Saturday, July 28, 2012

No, Seriously, What Happened?

Everyone loves a good survival story.  I remember enjoying immensely the book Alive about the team of rugby players who were stranded in the Andes in a plane crash.  However, as amazing as that story was, and as inspiring as the events were, they don't hold a candle to Juliane Koepcke.

Simply put, 17 year old Juliane Koepcke was in a plane that came apart in a thunderstorm- at 10,000 feet.  That is approximately 2 miles high.  Over the amazon jungle.  That she survived the fall is a certified platinum grade A miracle, but it was her ability to survive after the crash, with significant injuries deep in the jungle and have the presence of mind to logically work out how to make her way to civilization that is simply staggering.

Ms. Koepcke as an adult reflects upon her childhood and the strength she was given by her parents that enabled her to survive such a traumatic event.  In point of fact as a parent I kept thinking about how much more valuable this story was for encouraging good parenting philosophies than the surfeit of rather banal and shallow 'how to' books that seem to be everywhere these days.  Her parents encouraged independence, knowledge, curiosity, but did not seem to be the driven 'tiger parents' of today who value results over compassion and conscience.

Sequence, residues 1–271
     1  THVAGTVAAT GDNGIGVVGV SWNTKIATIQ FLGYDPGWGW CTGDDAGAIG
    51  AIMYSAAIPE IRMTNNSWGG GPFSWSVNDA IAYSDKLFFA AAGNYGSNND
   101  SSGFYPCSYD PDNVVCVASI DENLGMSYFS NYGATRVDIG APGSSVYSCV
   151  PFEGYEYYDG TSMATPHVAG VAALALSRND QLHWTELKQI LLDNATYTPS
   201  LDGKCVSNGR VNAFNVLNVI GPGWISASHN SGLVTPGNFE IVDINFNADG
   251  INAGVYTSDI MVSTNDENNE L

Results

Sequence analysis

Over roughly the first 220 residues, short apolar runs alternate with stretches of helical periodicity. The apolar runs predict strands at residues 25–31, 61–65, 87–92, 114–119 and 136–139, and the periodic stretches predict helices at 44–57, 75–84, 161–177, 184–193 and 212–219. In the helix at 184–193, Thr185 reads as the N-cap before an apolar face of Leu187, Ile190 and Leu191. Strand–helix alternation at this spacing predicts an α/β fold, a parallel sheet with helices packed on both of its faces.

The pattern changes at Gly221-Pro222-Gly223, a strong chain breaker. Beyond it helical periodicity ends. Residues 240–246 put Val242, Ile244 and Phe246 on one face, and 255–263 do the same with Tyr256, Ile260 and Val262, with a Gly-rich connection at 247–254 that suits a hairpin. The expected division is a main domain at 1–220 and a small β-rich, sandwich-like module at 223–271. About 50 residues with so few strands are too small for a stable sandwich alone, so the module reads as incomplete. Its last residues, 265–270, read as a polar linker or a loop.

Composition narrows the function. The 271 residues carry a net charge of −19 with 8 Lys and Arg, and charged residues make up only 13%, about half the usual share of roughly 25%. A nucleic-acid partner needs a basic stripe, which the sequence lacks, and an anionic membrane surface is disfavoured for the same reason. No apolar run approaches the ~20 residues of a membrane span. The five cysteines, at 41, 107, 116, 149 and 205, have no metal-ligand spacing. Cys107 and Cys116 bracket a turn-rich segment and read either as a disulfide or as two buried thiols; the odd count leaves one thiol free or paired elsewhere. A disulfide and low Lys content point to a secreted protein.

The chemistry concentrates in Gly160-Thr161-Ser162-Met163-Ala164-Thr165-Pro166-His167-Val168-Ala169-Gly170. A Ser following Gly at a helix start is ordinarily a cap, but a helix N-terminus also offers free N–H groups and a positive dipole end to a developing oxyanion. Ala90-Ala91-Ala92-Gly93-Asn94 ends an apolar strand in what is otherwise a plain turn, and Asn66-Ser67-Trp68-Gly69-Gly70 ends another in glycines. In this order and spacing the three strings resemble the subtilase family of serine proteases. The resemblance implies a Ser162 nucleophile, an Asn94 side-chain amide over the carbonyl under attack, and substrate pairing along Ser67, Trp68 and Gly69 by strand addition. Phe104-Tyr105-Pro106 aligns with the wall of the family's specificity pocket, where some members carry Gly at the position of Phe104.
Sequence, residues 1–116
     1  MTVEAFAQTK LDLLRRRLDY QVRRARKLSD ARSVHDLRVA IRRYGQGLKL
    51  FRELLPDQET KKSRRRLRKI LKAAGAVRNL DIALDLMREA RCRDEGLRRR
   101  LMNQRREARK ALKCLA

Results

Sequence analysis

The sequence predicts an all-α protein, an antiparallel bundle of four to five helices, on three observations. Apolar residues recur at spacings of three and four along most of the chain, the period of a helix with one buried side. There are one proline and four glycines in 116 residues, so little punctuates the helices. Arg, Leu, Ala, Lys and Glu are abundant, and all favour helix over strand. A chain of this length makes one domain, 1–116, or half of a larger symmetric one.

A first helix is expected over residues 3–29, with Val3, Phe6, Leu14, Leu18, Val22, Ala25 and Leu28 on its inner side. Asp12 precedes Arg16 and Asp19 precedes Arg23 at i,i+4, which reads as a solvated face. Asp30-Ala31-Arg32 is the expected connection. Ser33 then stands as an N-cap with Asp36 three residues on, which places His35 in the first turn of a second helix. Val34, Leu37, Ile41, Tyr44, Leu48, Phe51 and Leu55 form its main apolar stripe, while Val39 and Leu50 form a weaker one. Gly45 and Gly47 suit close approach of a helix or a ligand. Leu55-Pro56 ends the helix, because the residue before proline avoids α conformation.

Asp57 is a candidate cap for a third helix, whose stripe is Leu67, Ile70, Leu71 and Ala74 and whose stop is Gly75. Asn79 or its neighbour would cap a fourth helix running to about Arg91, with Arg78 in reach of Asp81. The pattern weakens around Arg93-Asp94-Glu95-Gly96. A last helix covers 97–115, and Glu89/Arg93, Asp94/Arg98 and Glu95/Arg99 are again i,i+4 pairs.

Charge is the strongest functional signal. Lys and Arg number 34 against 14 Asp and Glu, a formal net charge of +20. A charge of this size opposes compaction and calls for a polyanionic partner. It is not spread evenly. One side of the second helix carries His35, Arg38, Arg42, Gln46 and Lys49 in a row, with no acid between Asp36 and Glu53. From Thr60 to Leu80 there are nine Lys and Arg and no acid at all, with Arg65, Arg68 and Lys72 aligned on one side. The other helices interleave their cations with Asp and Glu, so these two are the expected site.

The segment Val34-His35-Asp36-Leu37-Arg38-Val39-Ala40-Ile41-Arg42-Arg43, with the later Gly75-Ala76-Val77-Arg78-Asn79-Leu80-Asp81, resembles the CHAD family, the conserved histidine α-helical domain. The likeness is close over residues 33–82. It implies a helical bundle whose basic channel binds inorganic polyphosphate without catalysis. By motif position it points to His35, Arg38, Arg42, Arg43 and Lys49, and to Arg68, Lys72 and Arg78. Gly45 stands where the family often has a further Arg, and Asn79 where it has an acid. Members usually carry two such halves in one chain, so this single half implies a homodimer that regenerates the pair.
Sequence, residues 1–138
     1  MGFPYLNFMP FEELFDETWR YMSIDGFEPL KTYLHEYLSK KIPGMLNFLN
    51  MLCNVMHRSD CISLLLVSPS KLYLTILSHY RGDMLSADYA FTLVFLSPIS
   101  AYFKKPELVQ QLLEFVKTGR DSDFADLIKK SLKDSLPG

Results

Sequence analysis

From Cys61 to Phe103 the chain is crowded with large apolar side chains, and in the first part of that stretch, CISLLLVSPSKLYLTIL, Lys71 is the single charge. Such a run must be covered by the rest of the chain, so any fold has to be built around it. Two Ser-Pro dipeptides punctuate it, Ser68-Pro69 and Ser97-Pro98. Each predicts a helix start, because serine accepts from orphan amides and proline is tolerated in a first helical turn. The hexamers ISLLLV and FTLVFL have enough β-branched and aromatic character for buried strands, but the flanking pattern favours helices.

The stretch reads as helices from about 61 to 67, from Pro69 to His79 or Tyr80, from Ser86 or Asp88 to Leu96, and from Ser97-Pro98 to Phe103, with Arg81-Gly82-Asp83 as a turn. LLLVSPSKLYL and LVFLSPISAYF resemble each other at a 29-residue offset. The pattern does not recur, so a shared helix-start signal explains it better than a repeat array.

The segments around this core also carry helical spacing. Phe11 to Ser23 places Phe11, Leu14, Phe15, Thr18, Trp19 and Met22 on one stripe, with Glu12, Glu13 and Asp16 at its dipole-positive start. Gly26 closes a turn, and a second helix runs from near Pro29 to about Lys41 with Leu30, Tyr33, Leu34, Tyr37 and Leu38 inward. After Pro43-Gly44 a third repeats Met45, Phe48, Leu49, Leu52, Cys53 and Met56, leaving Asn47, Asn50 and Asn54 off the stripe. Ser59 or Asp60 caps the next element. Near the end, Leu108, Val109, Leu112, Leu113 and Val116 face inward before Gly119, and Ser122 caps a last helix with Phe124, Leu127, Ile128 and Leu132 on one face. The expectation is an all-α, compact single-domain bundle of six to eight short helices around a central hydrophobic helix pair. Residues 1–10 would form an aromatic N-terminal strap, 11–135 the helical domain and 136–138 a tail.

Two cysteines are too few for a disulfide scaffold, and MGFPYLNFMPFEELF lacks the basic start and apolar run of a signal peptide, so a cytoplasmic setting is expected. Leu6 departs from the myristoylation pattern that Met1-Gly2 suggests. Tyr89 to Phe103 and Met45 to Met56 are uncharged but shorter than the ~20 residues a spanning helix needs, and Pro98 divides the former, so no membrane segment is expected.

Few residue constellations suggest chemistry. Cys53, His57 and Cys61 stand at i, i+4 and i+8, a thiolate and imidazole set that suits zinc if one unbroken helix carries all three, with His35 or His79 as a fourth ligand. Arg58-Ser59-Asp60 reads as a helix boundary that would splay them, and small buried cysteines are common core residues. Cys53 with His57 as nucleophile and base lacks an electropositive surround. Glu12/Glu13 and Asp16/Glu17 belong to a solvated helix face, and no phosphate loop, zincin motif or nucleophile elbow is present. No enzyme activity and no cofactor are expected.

Continuing with the truth is stranger than fiction theme there was a man scheduled to take that flight as well on that Christmas Eve in 1971.  An itinerary mix-up caused him to miss it.  Werner Herzog was his name and many years later he produced and directed the documentary Wings of Hope about Koepcke's experience.

You just can't make this stuff up.  This is a book worth reading on a number of levels.  The writing isn't particularly impressive but the content and the willingness of Koepcke to be vulnerable on paper make up for any minor literary deficiencies.  Basically, this is just an unbelievable story.

Jaw: meet floor.

When I fell from the sky : the true story of one woman's miraculous survival: Describes an 11-day ordeal faced by the 17-year old sole survivor of an airplane crash in the Peruvian jungle in 1971

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